ETHOS - Towards a European THeory Of juStice and fairness, is a European Commission Horizon 2020 research project that seeks to provide building blocks for the development of an empirically informed European theory of justice and fairness. The project seeks to do so by:
- refining and deepening the knowledge on the European foundations of justice - both historically based and contemporary envisaged;
- enhancing awareness of mechanisms that impede the realisation of justice ideals as they are lived in contemporary Europe;
- advancing the understanding of the process of drawing and re-drawing of the boundaries of justice (fault lines); and
- providing guidance to politicians, policy makers, advocacies and other stakeholders on how to design and implement policies to reserve inequalities and prevent injustice.
ETHOS does not merely understand justice as an abstract moral ideal, that is universal and worth striving for. Rather, it is understood as a re-enacted and re-constructed "lived" experience. The experience is embedded in firm legal, political, moral, social, economic and cultural institutions that are geared to giving members of society what is their due. In the ETHOS project, justice is studied as an interdependent relationship between the ideal of justice, and its real manifestation – as set in the highly complex institutions of modern European societies. The relationship between the normative and practical, the formal and informal, is acknowledged and critically assessed through a multi-disciplinary approach.
To enhance the formulation of an empirically-based theory of justice and fairness, ETHOS will explore the normative (ideal) underpinnings of justice and its practical realisation in four heuristically defined domains of justice - social justice, economic justice, political justice, and civil and symbolic justice. These domains are revealed in several spheres:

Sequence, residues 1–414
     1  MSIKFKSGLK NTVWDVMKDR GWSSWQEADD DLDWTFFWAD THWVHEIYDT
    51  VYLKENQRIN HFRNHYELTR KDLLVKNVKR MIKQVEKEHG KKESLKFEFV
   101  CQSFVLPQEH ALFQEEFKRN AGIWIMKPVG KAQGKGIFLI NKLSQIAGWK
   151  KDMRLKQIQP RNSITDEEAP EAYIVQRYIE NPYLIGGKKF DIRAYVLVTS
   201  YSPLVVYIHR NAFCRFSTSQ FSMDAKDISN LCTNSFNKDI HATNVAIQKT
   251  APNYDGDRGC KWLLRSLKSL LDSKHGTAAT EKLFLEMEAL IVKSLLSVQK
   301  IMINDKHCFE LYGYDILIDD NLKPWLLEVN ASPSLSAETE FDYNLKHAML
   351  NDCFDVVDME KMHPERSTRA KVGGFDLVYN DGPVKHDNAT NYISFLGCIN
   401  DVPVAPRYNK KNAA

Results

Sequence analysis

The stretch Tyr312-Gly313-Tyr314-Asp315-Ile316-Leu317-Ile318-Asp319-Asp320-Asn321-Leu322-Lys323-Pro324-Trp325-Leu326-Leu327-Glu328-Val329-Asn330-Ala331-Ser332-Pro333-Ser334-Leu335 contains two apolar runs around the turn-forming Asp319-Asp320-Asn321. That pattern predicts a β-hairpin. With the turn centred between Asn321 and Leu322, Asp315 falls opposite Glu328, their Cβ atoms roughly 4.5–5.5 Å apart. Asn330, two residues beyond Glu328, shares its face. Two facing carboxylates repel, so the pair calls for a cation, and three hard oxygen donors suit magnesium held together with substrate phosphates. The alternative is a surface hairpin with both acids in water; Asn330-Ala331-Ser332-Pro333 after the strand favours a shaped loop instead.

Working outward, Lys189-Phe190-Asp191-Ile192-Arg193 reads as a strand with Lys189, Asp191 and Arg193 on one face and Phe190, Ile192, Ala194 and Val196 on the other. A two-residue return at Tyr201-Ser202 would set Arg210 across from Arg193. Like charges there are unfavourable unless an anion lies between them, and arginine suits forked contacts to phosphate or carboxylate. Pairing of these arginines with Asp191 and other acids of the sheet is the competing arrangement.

- philosophical and political tradition,
- legal framework,
- daily (bureaucratic) practice,
- current public debates, and
- the accounts of the vulnerable populations in six European countries (the Netherlands, the UK, Hungary, Austria, Portugal and Turkey).
The question of drawing boundaries and redrawing the fault-lines of justice permeates the entire investigation.
Alongside Utrecht University in the Netherlands who coordinate the project, five further research institutions cooperate. They are based in Austria (European Training and Research Centre for Human Rights and Democracy), Hungary (Central European University), Portugal (Centre for Social Studies), Turkey (Boğaziçi University), and the UK (University of Bristol). The research project lasts from January 2017 to December 2019.
Project No: 727112
Start Date: 01/01/2017
Project Duration: 36 months
More information on ETHOS can be found here:
European Landscapes of Justice (web) app: http://myjustice.eu/
For additional information please contact us at email@example.com with a copy to the Project Manager Michael Robinson firstname.lastname@example.org
This project has received funding from the European Union’s Horizon 2020 programme under grant agreement No. 727112